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Publication numberUS3100981 A
Publication typeGrant
Publication dateAug 20, 1963
Filing dateOct 6, 1959
Priority dateOct 6, 1959
Publication numberUS 3100981 A, US 3100981A, US-A-3100981, US3100981 A, US3100981A
InventorsBownes Kenneth A, Dunn Hugh J, Engle Loy S
Original AssigneeInterchem Corp
Export CitationBiBTeX, EndNote, RefMan
External Links: USPTO, USPTO Assignment, Espacenet
Method and apparatus for evaluating the relative abrasiveness of inks
US 3100981 A
Abstract  available in
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Claims  available in
Description  (OCR text may contain errors)

Aug. 20, 1963 L. S. ENGLE ETAL METHOD AND APPARATUS FOR EVALUATING THE RELATIVE ABRASIVENESS OF INKS Filed 001;. 6, 1959 18 VIIIIIIIIII LOY S. ENGLE KENNETH A. BOWNES HUGH J. DUNN v on a small scale for test purposes.

Ute

States Patent "ice METHOD APPARATUS FOR EVALUATING The invention relates to the measurement of the relative abrasiveness of suspensions. More particularly it relates to a method and apparatus for determining the relative abrasive-ness of inks wherein pigment is dispersed in a liquid vehicle.

In the gravure printing industry, the use ofchromium plated cylinders is becoming more and more extensive. The use of chromium plate greatly increases the resistance of the cylinder and thereby more than doubles the number of printed copies producible from said cylinder. While the chromium plating is very durable during normal wear, abnormal wear mainly due to abrasion has been a problem of constant concern to the gravure printing art for many years. This abnormal wear causes deep streaks or lines around the circumference of the plated cylinder which obviously interferes with further printing. This undesirable abrasiveness in the inks is dependent upon the intrinsic hardness and particle shape of the pigments and extenders used in the ink formulation. The viscosity and nature of the varnish used in the ink also contribute to the overall abrasiveness of the ink.

In view of the foregoing, the gravure printing art has for many years sought effective means for evaluating the relative abrasiveness of gravure inks. Attempts were made to duplicate the gravure cylinders and apparatus Such tests were not successful because mechanical factors such as the angle 3,100,981 Patented Aug. 20, 1 963 It has been found that the most desirable results are obtained when chromium plated glass or mirrors prepared by the vacuum evaporation of chromium and its deposition onto glass are used. This is due to the fact that vacuum deposited chromium coatings display excellent adhesion" to the substrate and are'capable of being deposited in very thin layers in order of .000003 inch and less.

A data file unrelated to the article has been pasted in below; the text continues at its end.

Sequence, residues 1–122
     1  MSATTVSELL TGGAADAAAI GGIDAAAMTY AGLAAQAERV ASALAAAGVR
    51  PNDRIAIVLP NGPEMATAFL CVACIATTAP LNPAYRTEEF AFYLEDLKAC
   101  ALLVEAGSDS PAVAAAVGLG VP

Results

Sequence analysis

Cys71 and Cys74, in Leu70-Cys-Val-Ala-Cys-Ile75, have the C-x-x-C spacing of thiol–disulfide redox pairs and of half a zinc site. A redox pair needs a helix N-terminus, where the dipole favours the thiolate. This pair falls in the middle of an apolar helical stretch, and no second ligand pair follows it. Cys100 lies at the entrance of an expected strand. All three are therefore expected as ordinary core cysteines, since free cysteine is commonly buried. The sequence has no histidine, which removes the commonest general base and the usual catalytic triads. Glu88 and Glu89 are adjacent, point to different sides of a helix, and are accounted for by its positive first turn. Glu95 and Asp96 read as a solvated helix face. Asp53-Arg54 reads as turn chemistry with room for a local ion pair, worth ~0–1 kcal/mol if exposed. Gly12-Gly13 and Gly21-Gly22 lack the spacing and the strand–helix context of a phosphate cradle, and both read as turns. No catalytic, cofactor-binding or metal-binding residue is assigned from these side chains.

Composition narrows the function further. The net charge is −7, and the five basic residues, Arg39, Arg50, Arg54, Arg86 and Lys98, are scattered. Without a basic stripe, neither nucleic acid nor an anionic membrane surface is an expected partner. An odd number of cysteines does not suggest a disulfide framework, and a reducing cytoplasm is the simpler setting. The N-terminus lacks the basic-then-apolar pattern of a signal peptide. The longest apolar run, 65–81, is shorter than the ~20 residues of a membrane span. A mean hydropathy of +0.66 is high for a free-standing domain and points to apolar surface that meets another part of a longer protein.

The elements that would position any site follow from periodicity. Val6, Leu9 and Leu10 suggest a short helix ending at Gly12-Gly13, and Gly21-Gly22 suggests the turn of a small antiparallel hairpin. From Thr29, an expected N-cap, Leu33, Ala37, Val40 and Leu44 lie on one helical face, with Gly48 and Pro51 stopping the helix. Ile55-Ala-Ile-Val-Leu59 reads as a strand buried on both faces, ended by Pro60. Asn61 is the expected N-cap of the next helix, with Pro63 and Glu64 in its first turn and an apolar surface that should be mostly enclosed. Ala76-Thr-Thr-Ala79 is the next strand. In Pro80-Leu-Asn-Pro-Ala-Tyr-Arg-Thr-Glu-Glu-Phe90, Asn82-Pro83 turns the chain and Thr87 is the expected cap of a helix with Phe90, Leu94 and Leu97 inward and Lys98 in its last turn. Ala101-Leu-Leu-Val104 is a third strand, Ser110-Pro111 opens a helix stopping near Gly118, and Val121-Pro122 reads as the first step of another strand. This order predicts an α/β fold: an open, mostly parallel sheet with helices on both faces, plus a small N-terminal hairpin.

It will be understoodthat by measuring the amount of light transmittedjby a chromium mirror, before and after abrasion, a relative value may be assigned which corresponds to the amount of chromium removed from and condition of the doctor blade as well as the application pressure and hardness of the blade contributed to the abnormal wear and it was, accordingly, difficult to ascertain whether the extent of the wear was due to the ink and not due to these mechanical factors.

There has now been discovered a novel apparatus and method for determining the relative abrasiveness of suspensions of solid particles in liquid media as well as of pastes comprising solid particles wetted by liquid media. This invention now makes possible the accurate determination of the relative abrasiveness of inks wholly independent of the influence of the above described mechanical factors.

According to this invention, the determination of the relative abrasiveness of a tested ink is determined by the increase in light transmittance of a glass plate having one surface chromium coated after the chromium coating has been subjected to the reciprocating rubbing action of a non-brasive resilient fabric with a uniform applied pressure and velocity while immersed in the tested ink.

The effect. of this procedure on the coated glass plate is then compared to the effect of the same conditions using a standard ink on a similar coated glass plate to determine the relative "abrasiveness of the ink tested.

In order to carry out the novel process of this inventhe surface. The light transmittance measurements may be by any device which can measure the quantity of the transmitted visible light. A spectrophotometer is a suitable instrument of this type. Abrasiveness of the ink tested can then be interpreted as the difference in percentage of transmitted light before andafter the rubbing of the immersed mirror.

When determining the relative transmittance, it is preferred to measure transmitted light having a wavelength of 550 my since this wavelength is at the center of the visible spectrum. However, light having other wavelengths within the visible spectrum may also be used.